First, regarding weight loss: There is a current theory that a BG spike (in non-D or type 2 folks) causes a sharp insulin response, with insulin remaining in the bloodstream even after the glucose is gone, causing more carb cravings and ultimately a positive-feedback loop.

Studies have so far not found concrete evidence for this claim (in the form of lingering increased insulin levels, for instance). And what with the half-life of insulin being around five seconds, any such excess would have to have been produced _after_ the initial BG spike was countered; that would be a clear case of malregulation, known as hyperinsulinaemia.

For "controlling" diabetes, the usefulness of GI/GL depends on one's goals, I would say. If "control" is meant to achieve what diet and exercise can do for a lucky type 2, then no, GI/GL are not good enough. But if "control" is taken to mean "fine-tuning" or "improved results", then GI/GL is very much the thing. It may have limitations, but the glycaemic index today is the only measure that we have for guessing at a food's BG impact beyond carb count (pure or TAG).

I say this is way better than nothing. The only way I can maintain a fasting target of 60 mg/dl and a postprandial target of below 120 mg/dl without running low all the time is bu judiciously selecting what and how much I eat -- and if I do eat outside my usual habits, at least I know what I am doing.


P.S.: Nice thing about Christmas? I get to eat pound cake: One pount of chocolate cake, filled with one pound of extra-dark molten chocolate, surrounded by one pound of ice cream, and topped with one pound of sugared whipped heavy cream. I am already drooling!

Jen said...

Thanks for the addition information Felix. Just for my own curiousity, what do you use to manage your diabetes? You seem to have excellent control.

karondaray said..., that explained a whole lot more and better than what i tryed to find on-line. Way to go Felix .

Felix Kasza said...

Hi Jen,

to manage my D, my first and most important tool is the massive amount of anal-retentiveness that my parents gave me. :-)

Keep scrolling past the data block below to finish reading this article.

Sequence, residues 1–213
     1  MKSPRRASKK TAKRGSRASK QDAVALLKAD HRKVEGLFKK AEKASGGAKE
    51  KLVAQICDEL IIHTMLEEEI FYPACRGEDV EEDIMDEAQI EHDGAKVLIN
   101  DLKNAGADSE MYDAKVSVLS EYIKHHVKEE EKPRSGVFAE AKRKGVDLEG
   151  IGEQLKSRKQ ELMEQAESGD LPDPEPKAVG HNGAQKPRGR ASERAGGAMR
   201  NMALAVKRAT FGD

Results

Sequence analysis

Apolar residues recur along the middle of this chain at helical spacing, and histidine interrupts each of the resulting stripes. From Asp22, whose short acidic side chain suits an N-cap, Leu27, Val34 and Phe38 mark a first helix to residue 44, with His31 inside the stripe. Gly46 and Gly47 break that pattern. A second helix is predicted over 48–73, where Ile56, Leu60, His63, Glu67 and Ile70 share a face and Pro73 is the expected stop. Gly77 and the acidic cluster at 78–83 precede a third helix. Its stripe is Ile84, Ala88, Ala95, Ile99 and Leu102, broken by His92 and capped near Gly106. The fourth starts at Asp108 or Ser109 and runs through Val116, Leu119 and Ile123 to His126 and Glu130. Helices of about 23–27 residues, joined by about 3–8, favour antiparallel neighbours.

Jokes aside: MM 722, now with a CGMS sensor (yay! only 4+ instead of 15+ fingersticks a day!); Bayer Ascensia Contour -- accuracy and precision are lab-quality on all three of them, and no coding; Humalog.

But the real tools are those I can only influence a little or not at all, and these make clear that my HbA1c results are none of my merit at all. For one, I have an excellent glucagon response; unless I exercise like a maniac, it is _really_ hard for me to go low to the point that I am unable to self-treat. Two, I trained myself to be fully capable down to 50+ mg/dl. Limited capabilities (as in, noticing and treating a low) down to 20 or 25 mg/dl.

Without these two safety nets, I freely admit that I would never let myself risk things like a 60 mg/dl fasting target; I may be anal, but I try not to be reckless. (And when I exercise, I try to start at 90 mg/dl with a temp basal of .25u/h and keep a _very_ close eye on my BG.)

The only thing that I can add to what nature gave me is the willingness to spend an extraordinary amount of time on managing my diabetes. I am lucky in that I am a LADA, diagnosed in 1994; I didn't have to go through puberty with the D, and by the time it hit, I had already learned to reject instant gratification for later and greater results.

The motivation is in large part provided by fear. After years of not caring -- we are all immortal, right? -- I had non-healing ulcers, beginnings of retinopathy, microalbuminuria, neuropathy, and so forth. The retinopathy brought me to my senses, and I started clamping down brutally; within six months my HbA1c went from 13+ to under 7 (that was on MDI), and with the pump now, I have yet to have result of 5% or more.

As I said, sheer fright is driving me to extremes, and for sure it is paying off big time -- a few numb spots on the soles of my feet remain, my wound healing will never be great, but all the rest of the eginning complications are gone. And knowing that I essentially used up all my safety buffer, I plan on remaining anal. Even if food was one of my great pleasures in life.

Hey, for those who do not have to watch their waistlines: I am a fairly good cook (meats and sauces, and Hungarian/Bohemian desserts). The meats and sauces are generally not very carby, or they are so loaded with heavy cream that the carbs qualify as low-GL. I'd be happy to share!


Tiffany said...

The Glycemic Index is an incredibly helpful tool for Diabetics.

I don't stick to an eating regime based on the GI, but the Index does help me to predict the effects of the foods I eat on my BG levels, and use the dual/square wave bolus on my pump to its best effect. The Glycemic Index is a listing of foods that have a numeric value. This number correlates to the metabolic properties of that food (KISS version)in relation to digestion.

IMO, the GI isn't necessarily the miracle diet - though it works wonders for many - but it is a real feather in the cap of Diabetic control. It's a tool that helps us to predict the effects of foods on our BG levels, thus aiding with stabilization of blood glucose. Since starting the Paradigm RT with the continuous glucometer, I have been working on my own GI index for the foods I eat.

I could go into more depth here, Jen, but I'll spare everyone lol. If you'd like more info you are welcome to email me and I'll gladly pull together some info for you.

PS -- Anonymous: Seriously, buddy, just stop talking. We really don't care. Get a life while you're at it.